Home use medical devices, home appliances, and fitness equipment are becoming less and less accessible for blind Americans. The rapid proliferation of advanced technology is undeniable. Most new stoves, glucose monitors, and treadmills now require that consumers interact with a digital display, flat panels, and other user interfaces. This new technology is inaccessible to blind individuals and creates a modern-day barrier. Inaccessibility is not a mere inconvenience; it threatens the safety, health, and independence of blind Americans. Advancements in technology have the potential to transform how people live in a society but are designed for those with no functional limitations.1 This flaw in product design limits options for blind Americans who need nonvisual access to important devices that are available to people without disabilities.2
Nonvisual access is achievable, as demonstrated by a number of mainstream products. Apple has incorporated VoiceOver (a text-to-speech function) into its touch-screen products, making the iPhone, iPod, and iPad fully accessible to blind people right out of the box. Virtually all ATMs manufactured in the United States are accessible, and every polling place provides a nonvisually accessible voting machine. Frequently, a simple audio output or vibrotactile feature can make a product fully accessible at minimal cost.
Current disability laws are not able to keep up with advancements in technology. Although the Americans with Disabilities Act and other laws require physical accessibility for people with disabilities (e.g., wheelchair ramps, Braille in public buildings), no laws protect blind consumers’ right to access technology such as home use medical devices, home appliances, or fitness equipment. The National Council on Disability concluded that accessibility standards lag behind the rapid pace of technology, which can interfere with technology access.3 This trend of inaccessibility won’t improve if accessibility solutions are ignored. Only a fraction of manufacturers incorporate nonvisual access standards into their product design while others resist solutions.
Solution-Greater Access and Independence through Nonvisual Access Technology (GAIN) Act:
Calls on the Access Board to conduct a nonvisual access standard review. The Access Board (an independent federal agency and leading source of information on accessible design) will review the current marketplace, consult with stakeholders and manufacturers, and will issue a report with findings and recommendations for a minimum nonvisual access standard for home use medical devices, home appliances, and fitness equipment.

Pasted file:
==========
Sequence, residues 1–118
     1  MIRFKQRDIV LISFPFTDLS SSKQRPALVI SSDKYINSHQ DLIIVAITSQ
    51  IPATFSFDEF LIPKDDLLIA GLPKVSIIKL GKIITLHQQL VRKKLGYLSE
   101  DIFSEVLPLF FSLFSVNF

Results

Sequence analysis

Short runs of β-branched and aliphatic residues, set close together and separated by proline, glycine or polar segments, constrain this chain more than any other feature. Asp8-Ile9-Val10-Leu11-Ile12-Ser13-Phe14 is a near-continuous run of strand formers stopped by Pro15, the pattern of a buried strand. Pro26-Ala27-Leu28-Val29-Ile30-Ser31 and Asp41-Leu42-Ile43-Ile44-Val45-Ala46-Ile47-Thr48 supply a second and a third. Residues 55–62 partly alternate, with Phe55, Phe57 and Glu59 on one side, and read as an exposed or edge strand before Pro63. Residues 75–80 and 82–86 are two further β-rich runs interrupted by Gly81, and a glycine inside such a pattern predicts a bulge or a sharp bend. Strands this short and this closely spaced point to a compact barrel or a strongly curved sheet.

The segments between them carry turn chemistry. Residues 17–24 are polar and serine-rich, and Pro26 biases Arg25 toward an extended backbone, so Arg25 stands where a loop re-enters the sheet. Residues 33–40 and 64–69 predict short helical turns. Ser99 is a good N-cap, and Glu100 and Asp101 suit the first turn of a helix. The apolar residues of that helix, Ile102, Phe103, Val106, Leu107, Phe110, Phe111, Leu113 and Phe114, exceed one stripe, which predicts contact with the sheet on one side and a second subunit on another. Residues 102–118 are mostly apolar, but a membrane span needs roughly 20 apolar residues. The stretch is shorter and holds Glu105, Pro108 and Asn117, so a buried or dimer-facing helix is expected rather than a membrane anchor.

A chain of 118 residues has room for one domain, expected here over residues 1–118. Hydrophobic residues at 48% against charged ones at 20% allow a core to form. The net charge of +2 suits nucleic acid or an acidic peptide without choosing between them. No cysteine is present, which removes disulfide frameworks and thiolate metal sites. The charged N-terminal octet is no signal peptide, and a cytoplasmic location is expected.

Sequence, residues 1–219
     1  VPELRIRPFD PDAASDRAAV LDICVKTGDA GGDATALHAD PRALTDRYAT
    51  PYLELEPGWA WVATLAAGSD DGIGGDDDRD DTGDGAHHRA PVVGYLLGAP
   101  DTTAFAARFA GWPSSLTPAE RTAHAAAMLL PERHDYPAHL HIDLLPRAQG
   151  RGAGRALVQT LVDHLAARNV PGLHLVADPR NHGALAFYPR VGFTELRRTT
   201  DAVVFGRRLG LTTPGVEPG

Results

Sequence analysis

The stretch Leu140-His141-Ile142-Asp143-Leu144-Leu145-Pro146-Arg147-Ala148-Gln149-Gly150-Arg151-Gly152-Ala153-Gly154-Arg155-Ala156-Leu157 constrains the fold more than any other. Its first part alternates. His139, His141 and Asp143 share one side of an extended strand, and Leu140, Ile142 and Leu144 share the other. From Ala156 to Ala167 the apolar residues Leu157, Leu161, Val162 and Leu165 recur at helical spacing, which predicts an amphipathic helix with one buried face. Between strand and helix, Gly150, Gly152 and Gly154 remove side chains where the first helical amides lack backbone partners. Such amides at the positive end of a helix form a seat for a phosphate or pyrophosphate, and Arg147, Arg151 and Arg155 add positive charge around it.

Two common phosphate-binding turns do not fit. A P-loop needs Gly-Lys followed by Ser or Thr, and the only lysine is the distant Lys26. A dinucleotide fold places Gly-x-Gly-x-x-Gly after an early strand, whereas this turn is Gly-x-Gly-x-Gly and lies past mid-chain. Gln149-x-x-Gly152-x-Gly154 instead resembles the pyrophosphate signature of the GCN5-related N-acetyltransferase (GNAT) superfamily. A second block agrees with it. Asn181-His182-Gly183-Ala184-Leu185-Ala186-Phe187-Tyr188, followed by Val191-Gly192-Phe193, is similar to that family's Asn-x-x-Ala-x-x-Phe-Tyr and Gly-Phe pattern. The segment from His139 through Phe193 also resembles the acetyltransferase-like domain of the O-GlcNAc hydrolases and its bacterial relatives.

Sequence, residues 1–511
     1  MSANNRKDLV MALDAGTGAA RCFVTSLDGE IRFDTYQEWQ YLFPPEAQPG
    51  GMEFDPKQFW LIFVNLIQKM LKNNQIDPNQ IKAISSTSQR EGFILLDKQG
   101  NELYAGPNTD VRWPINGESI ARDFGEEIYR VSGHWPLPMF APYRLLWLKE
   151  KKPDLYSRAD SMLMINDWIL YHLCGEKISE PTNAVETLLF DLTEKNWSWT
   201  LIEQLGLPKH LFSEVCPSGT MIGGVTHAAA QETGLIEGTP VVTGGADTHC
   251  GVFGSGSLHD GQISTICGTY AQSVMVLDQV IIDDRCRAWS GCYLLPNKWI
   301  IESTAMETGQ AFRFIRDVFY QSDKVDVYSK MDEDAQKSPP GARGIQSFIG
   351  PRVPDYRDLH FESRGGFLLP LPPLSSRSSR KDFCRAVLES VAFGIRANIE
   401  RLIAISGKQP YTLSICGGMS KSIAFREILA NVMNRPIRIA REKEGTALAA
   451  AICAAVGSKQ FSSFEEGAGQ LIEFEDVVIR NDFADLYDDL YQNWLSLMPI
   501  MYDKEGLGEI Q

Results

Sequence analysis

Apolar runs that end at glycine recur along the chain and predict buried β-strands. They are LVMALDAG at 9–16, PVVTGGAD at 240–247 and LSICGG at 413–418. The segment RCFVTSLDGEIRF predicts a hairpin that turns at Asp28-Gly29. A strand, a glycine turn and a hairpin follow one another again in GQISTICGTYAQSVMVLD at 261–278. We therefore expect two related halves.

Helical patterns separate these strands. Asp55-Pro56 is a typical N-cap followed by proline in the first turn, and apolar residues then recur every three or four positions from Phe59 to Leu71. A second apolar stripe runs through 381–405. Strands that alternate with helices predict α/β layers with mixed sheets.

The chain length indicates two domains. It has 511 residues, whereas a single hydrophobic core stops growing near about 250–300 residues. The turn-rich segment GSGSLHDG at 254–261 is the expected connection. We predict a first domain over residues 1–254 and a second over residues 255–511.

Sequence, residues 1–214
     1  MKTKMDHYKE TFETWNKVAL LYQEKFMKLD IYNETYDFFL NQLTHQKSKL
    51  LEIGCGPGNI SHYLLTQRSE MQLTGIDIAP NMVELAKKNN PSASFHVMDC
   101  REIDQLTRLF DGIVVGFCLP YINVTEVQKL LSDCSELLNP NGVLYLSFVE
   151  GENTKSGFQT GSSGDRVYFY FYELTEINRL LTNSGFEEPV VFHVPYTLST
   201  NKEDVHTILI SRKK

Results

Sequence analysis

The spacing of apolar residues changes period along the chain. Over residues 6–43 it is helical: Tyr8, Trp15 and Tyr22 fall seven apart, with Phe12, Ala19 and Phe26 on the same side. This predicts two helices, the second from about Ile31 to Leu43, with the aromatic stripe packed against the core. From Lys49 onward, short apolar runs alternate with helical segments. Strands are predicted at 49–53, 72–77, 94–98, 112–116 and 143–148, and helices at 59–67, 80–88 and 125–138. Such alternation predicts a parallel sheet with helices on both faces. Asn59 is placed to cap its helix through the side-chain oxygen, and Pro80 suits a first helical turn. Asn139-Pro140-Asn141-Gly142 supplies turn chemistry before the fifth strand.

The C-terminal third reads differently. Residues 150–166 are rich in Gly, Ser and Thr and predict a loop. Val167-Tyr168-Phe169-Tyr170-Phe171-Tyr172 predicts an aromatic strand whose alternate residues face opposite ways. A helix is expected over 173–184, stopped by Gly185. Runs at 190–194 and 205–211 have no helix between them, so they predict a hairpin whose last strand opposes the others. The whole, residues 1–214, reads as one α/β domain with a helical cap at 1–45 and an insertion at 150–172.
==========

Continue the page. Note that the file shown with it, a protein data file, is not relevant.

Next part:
Establishes a minimum nonvisual access standard for home use medical devices, home appliances, and fitness equipment. The Access Board will issue a final rule, not later than thirty-six months after the date of enactment of the act, to establish a minimum nonvisual access standard for home use medical devices, home appliances, and fitness equipment. The standard will go into effect two years after the final rule.
Authorizes the Food and Drug Administration (FDA) to enforce the nonvisual access standards for home use medical devices. Under its authority to ensure the safety, efficacy, and security of medical devices, the FDA will investigate and, when appropriate, assess civil penalties against manufacturers who fail to comply with the standard.
Authorizes the Federal Trade Commission (FTC) to enforce the nonvisual accessibility standards for home appliances and fitness equipment. Under its authority to investigate and enforce consumer protection matters, the FTC will investigate and, when appropriate, assess civil penalties against manufacturers who fail to comply with the standard.
GOAL-END THE DIGITAL DIVIDE FOR BLIND AMERICANS.
1. See NATIONAL COUNCIL ON DISABILITIES, National Disability Policy Progress Report: Technology that enables access to the full opportunities of citizenship under the Constitution is a right at 19 (October 7, 2016), available at https://ncd.gov/progressreport/2016/progress-report-october-2016.
2. See Id.
3. See Id.